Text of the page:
With Modern Horizons fully spoiled, brewing can get into full swing. So far, my experience has been guardedly positive. There are a lot of very interesting cards and restrained designs that should reinvigorate fringe Modern decks without upending the format. Still, other cards show frightening promise.
Brewing in the Snow
I'll kick things off with snow. Between Ice-Fang Coatl and Marit Lage's Slumber, there's a lot of incentive to make snow a central theme for decks. But I struggled to find a competent shell, failing to produce an even-publishable Temur list.
The problem with the Temur Snow lists I tried was the mana. You have to play a lot of basics to make the snow theme work. This makes the mana clunky compared to normal fetch-shock decks. Playing lots of fetchlands helps, but every fetch included is a utility land or actual land you can't play, and if I didn't have a Birds of Paradise, I couldn't hit a good curve. The longstanding problem of Temur being anemic compared to Jund was present, but it wasn't nearly as troublesome as the mana. Get the mana to work, and power can be found. Even with the surprisingly playable and necessary Arcum's Astrolabe greasing the wheel, the decks just never got going, and clunked themselves to death on mana problems.
Blood on Ice
Giving up on Coatl was difficult, but doing so paid significant dividends. Blue Moon has long been a fringe contender in Modern, and more easily accommodates the critical mass of snow permanents necessary for the payoff cards.
This list was fairly unreal against creature decks and almost nothing else. If Blood Moon didn't resolve, it didn't have the means to hang with counter-heavy control or ever disrupt a combo deck. I figured that would happen because I was building it as proof-of-concept rather than actual metagame deck, and in that role, it succeeded.
Marit Lage's Slumber is a very interesting finisher. Against control it is terrible, since they have Path to Exile and two types of Teferi to deal with the token before it attacks. It also doesn't provide the continuous card advantage of Search for Azcanta // Azcanta, the Sunken Ruin, so you'd never play Slumber in a control heavy meta. Scrying several times a turn isn't good enough in those cases. Against combo and creatures, Slumber is far better, since it threatens to win the game next turn with a massive blocker. It does take a while to fire, but in a more counter-heavy version, time would be less of an issue.
As for the snow theme, it was a bit weak, but still playable. The mana for Blue Moon has always been solid, and Prismatic Vista functions as an additional Scalding Tarn most of the time. Astrolabe proved critical to smooth out the awkwardness, and combos with Slumber to be a sorcery-speed Opt, which isn't bad. Winter's Rest is weird, but Blue Moon typically struggles against big creatures, and Rest does answer them while adding to the snow count.
Oh, The Humanity
After considerable tweaking and testing, I wouldn't end up changing anything about the Humans maindeck. I was very high on Unsettled Mariner last week, and Ranger-Captain of Eos has received some attention. While neither card was unplayable by any measure, they didn't prove themselves to be better than the current stock Humans list. Mariner would definitely make the cut in a different metagame, but it will take seismic shifts towards combo for Ranger-Captain to ever make the cut.
Mariner is phenomenal against any deck looking to trade removal spells for Humans, as predicted. Combined with Thalia, Guardian of Thraben, it is very possible to completely lock opponents out of the early game, and even when that's not possible, the two buy enough time for the rest of the team to get there. Even if they're not the nastiest threat on the board, opponent still needs to spend their limited mana on the Mariner and/or Thalia first, or they'll never be able to catch up. If Jeskai Control were the top control deck, Mariner would be at least a three-of in Humans' main. However, the control deck de jour is UW, which is more about sweepers. The other top decks are Izzet Phoenix, Tron, Humans, and Dredge, so there's little need for Mariner.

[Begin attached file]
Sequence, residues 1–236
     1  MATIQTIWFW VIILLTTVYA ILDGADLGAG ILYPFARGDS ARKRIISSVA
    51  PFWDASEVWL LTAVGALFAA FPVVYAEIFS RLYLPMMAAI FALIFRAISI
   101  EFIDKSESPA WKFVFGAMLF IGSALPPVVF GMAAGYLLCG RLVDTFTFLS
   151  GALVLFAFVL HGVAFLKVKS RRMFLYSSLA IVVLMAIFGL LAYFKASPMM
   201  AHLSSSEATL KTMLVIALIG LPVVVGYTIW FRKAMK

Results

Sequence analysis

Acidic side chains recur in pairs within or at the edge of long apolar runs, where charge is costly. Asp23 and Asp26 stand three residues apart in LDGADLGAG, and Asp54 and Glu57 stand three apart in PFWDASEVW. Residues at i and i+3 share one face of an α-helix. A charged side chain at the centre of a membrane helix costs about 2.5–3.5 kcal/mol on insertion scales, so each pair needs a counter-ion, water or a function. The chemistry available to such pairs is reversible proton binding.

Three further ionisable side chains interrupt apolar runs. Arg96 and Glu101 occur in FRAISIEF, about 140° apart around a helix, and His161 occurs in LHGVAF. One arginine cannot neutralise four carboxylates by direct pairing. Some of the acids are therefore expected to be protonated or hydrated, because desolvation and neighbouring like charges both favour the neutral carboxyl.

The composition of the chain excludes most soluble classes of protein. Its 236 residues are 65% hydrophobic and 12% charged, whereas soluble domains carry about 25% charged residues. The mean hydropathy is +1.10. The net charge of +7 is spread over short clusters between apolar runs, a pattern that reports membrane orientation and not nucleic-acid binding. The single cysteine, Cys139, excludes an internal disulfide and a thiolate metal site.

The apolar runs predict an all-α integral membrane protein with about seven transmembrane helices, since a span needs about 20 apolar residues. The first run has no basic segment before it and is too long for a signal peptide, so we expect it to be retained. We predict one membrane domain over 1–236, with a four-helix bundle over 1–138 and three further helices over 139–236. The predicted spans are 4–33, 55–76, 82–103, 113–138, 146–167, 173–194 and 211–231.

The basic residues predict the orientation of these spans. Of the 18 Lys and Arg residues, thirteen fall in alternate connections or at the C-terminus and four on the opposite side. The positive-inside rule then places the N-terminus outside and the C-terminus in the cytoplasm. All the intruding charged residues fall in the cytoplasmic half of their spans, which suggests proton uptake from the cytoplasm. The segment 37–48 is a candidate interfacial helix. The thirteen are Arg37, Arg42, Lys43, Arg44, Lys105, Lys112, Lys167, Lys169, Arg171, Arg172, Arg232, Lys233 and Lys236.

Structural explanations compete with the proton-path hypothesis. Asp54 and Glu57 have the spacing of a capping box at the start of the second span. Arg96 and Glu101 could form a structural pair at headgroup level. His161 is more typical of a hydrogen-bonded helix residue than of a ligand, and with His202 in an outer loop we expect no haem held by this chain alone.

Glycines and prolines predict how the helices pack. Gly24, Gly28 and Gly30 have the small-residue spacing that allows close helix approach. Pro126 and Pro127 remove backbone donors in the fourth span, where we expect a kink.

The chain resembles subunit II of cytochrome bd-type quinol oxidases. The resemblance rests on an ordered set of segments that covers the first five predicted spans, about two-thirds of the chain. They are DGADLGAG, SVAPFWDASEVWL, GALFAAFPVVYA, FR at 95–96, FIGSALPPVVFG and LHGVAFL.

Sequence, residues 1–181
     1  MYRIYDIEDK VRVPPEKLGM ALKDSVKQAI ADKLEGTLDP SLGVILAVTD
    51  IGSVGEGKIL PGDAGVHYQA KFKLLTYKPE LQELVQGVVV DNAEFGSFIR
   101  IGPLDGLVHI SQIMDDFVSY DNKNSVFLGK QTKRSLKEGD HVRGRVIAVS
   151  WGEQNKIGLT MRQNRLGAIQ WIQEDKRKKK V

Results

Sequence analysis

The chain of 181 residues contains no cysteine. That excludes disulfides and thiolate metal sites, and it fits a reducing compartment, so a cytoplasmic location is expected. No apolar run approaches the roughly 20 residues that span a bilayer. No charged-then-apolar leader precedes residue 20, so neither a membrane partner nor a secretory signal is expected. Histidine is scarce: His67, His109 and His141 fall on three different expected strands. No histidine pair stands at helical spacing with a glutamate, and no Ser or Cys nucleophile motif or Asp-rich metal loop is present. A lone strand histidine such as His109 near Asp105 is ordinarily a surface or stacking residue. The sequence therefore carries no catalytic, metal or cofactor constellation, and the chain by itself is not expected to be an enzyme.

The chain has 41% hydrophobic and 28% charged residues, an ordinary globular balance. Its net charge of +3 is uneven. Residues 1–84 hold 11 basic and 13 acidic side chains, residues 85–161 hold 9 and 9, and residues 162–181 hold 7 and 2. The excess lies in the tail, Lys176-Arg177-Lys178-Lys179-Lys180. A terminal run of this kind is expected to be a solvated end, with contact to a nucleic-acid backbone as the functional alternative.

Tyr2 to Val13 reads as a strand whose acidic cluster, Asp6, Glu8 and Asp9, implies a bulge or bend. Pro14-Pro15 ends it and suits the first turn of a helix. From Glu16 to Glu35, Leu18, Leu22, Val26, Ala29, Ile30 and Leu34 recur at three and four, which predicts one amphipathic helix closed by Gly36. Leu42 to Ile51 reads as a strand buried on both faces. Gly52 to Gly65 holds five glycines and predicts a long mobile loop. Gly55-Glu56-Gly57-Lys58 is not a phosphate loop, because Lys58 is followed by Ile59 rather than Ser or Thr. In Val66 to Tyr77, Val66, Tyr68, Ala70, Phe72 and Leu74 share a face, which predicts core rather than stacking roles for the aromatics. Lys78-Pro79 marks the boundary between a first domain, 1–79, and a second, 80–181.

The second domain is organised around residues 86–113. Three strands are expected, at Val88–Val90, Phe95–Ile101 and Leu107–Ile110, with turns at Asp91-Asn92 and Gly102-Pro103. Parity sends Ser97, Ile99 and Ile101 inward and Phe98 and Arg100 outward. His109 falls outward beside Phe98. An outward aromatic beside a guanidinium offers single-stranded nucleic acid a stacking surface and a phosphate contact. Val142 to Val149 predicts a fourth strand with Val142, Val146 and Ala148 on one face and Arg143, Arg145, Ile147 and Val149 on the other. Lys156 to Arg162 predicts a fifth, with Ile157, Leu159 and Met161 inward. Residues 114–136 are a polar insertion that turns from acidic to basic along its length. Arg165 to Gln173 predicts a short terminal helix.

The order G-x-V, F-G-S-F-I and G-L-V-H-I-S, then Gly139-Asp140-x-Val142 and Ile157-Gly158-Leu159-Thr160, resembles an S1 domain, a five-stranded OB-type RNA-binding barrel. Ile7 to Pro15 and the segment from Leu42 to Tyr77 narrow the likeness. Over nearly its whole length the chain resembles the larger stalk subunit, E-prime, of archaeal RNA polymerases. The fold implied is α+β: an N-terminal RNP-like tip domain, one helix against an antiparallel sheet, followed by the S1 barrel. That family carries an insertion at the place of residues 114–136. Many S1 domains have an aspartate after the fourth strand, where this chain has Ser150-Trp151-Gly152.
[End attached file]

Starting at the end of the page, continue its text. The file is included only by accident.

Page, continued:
As for Ranger-Captain, the tutoring ability is okay, but not amazing. Champion of the Parish off Militia Bugler is never great, and that's realistically all Ranger-Captain finds. Tutoring is usually best used for silver bullets, and the only one that Captain can find is Burrenton Forge-Tender. Playing Eos for its stats and tutoring is asking for disappointment.
The real draw is the sacrifice ability. Stopping opponents from playing noncreature spells is, in theory, devastating against combo and control decks. Sacrificing Eos is saying "I'm going to win the game next turn." Against a combo deck, that is likely to be true, since you can only use the ability to stop them outright or after letting them use up a lot of resources but before they play their win condition. However, against control, that statement must be modified to "...if you don't also have Cryptic Command or Settle the Wreckage, I'm going to win the game next turn." The odds of that being true are far lower, and given that control is more popular than combo right now, I wouldn't play Ranger-Captain.
Siding into Danger
The sideboard is another story. Plague Engineer is just as powerful and dangerous as I imagined. I've had games where I completely lock my opponent out with multiple Engineers, and others where my Engineer backfired thanks to opposing Phantasmal Images. Given how potent Engineer is against other creature decks, I would definitely run Engineer in Humans; I'm just leery of siding it in for the mirror thanks to Image.
Of course, Engineer isn't the only potential inclusion from Horizons. If artifact decks make a resurgence, Collector Ouphe would make the cut. Stony Silence is incredibly powerful, but can't really be played with Humans' manabase. I wouldn't rely on Ouphe against Tron, because Damping Sphere is so powerful and useful against Amulet Titan. However, if there's a shift towards artifact combo, then a swap could be warranted.
The final human to discuss is Yawgmoth, Thran Physician. Protection from Humans makes him a theoretical mirror breaker. However, four mana is prohibitive. Also, sacrificing your creatures to incrementally shrink opposing creatures isn't great. Noble Hierarch may seem useless, but exalted is critical to force creatures through and/or make Yawgmoth a reasonable clock. The fact that you also have to pay life for the ability is risky, too, since often the mirror is about trading early haymaker damage until a board stall emerges. Yawgmoth wasn't terrible, but I didn't find him great, either.